Legislative and Regulatory Update
February 2006 by Scott Harn
• Senate moves on ESA reform
Legislation to reform the Endangered Species Act (ESA) was introduced in the US Senate.
Senate Bill 2110 (S 2110) shares many similarities with House ESA reform bill HR 3824, which passed the House on September 29, 2005.
Under S 2110 critical habitat would be designated either (1) three years after a recovery program was commissioned or (2) five years after a species was designated endangered or threatened. Under existing law critical habitat must be designated upon listing, an impossible task, says the Fish and Wildlife Service (FWS).
The Interior Department said last year that FWS has orders from 42 lawsuits to designate habitat for 87 species and is involved in another 35 lawsuits affecting 57 species.
• Suit challenges patenting
Denver (AP)—In a closely watched case that could affect similar claims throughout the West, local governments and an environmental group argued before an appellate court that they have a right to challenge the sale of public land to a private mining company.
The town of Crested Butte, Gunnison County and the High Country Citizens Alliance in Colorado are trying to revive their lawsuit claiming the sale of 155 acres on Mount Emmons to the Phelps Dodge Corp. violates federal law. Mt. Emmons Mining, a subsidiary of Phelps Dodge, applied for a patent in 1992, prior to the 1994 patenting moratorium. The patent was eventually granted in April 2004.
The plaintiffs say the Bureau of Land Management shouldn’t have sold the land because Phelps Dodge can’t show that the proposed molybdenum mine would be profitable as required by an 1872 mining law.
Last year, a federal court sided with the BLM and Phelps Dodge, which said the law prevents third parties from challenging mining patents on public land. The court ruled that only people with a competing claim to ownership of the land can sue.
The lawyer representing the environmental group and local governments argued before a three-judge panel of the 10th US Circuit Court of Appeals that a 1946 law allowing judicial review of federal agencies gives his clients the right to object.
“The bottom line is whether the government has met the burden of clear and convincing evidence that the mining law precludes judicial review,” said Roger Flynn, director and managing attorney with the law firm Western Mining Action Project.
Flynn argued that the 1872 mining law, which governs the development of gold, silver and other hard-rock minerals, doesn’t say anything about whether third parties can challenge patents.
After the hearing, Flynn said groups across the West are watching this case because similar protests are pending. He said it doesn’t matter who owns the land because the issues are the same.
Department of Justice lawyer Aaron Avila and David Steefel, the lawyer representing Phelps Dodge, said Congress intended to prevent third-party challenges of mining patents and rulings by the US Supreme Court and other federal courts affirm that. Congress wanted to encourage settlement of the West and mineral development, Avila said, and allowing outside parties to challenge the sales would have undermined that.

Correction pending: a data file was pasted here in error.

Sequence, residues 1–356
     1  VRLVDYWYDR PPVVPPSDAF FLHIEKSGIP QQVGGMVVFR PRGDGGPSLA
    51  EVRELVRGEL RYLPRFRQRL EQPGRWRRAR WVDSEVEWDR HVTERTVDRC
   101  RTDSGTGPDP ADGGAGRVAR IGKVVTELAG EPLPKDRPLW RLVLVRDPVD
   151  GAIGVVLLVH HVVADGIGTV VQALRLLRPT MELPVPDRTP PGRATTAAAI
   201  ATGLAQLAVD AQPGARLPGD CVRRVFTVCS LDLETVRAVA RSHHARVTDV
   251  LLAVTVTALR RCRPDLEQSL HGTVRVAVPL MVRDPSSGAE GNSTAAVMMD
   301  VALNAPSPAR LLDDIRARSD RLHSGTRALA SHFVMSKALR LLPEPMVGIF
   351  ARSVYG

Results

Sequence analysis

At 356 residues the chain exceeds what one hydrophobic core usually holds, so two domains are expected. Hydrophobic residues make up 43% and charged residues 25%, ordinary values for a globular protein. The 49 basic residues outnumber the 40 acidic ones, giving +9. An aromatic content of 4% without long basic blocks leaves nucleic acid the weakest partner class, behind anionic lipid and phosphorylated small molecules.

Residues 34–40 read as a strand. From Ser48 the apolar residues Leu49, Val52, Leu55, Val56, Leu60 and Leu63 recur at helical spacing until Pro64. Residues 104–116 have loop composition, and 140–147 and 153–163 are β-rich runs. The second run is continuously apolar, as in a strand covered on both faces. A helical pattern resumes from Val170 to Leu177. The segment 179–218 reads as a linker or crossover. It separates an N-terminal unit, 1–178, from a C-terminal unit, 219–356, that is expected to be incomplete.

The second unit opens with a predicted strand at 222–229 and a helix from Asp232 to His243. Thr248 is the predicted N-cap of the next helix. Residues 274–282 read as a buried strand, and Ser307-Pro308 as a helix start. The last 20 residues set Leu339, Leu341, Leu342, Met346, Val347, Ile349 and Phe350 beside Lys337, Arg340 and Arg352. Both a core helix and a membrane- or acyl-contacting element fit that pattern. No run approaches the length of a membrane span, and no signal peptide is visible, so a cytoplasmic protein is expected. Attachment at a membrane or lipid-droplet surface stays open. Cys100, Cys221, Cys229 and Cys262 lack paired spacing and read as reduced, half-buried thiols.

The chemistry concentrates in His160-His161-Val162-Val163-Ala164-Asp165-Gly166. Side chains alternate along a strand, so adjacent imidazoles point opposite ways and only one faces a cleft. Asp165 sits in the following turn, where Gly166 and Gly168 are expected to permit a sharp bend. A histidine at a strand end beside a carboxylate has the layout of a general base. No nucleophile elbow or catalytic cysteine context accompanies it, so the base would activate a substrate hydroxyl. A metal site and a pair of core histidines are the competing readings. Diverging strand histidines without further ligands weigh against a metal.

Ken Vaughn, a spokesman for Phelps Dodge in Phoenix, said the company is negotiating to transfer the 155-acre patent and other mine lands on Mount Emmons to the previous owners, US Energy Corp. and Crested Corp. He said Phelps Dodge is concentrating on expanding a copper mine in Peru and a new mine in Congo, Africa.
Phelps Dodge operates the Henderson molybdenum mine near Empire and owns the dormant Climax mine in Leadville.
Vaughn said that Mount Emmons has a significant amount of molybdenum, but just didn’t fit in the company’s plans. He said Phelps Dodge believes the patent was properly issued.
• Canyon takes its case to the Supreme Court
Canyon Resources and the State of Montana filed their arguments with the US Supreme Court regarding Montana’s anti-cyanide initiative I-137. The company took their case to the highest federal court after losing in state court.
Canyon Resources was developing its Seven-Up Pete Joint Venture project in Montana when the ballot initiative prohibiting the use of cyanide passed in 1997. Canyon maintains that they are unable to profitably mine gold at the site without cyanide and the company is seeking compensation from Montana as a takings.
The US Supreme Court will decide within the next six months whether to accept the case.
The company estimated the deposit contains 9 million ounces of gold and 20 million ounces of silver.
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• Bachelor of Science or just B.S.?
• Monster makes the list
• An unexpected souvenir
• Candidate has bad timing
John Frémont was a man whose luck regularly swung from one extreme to another. At times he seemed to be the luckiest man on earth, yet he sometimes made bad decisions that got him into a considerable amount of trouble.
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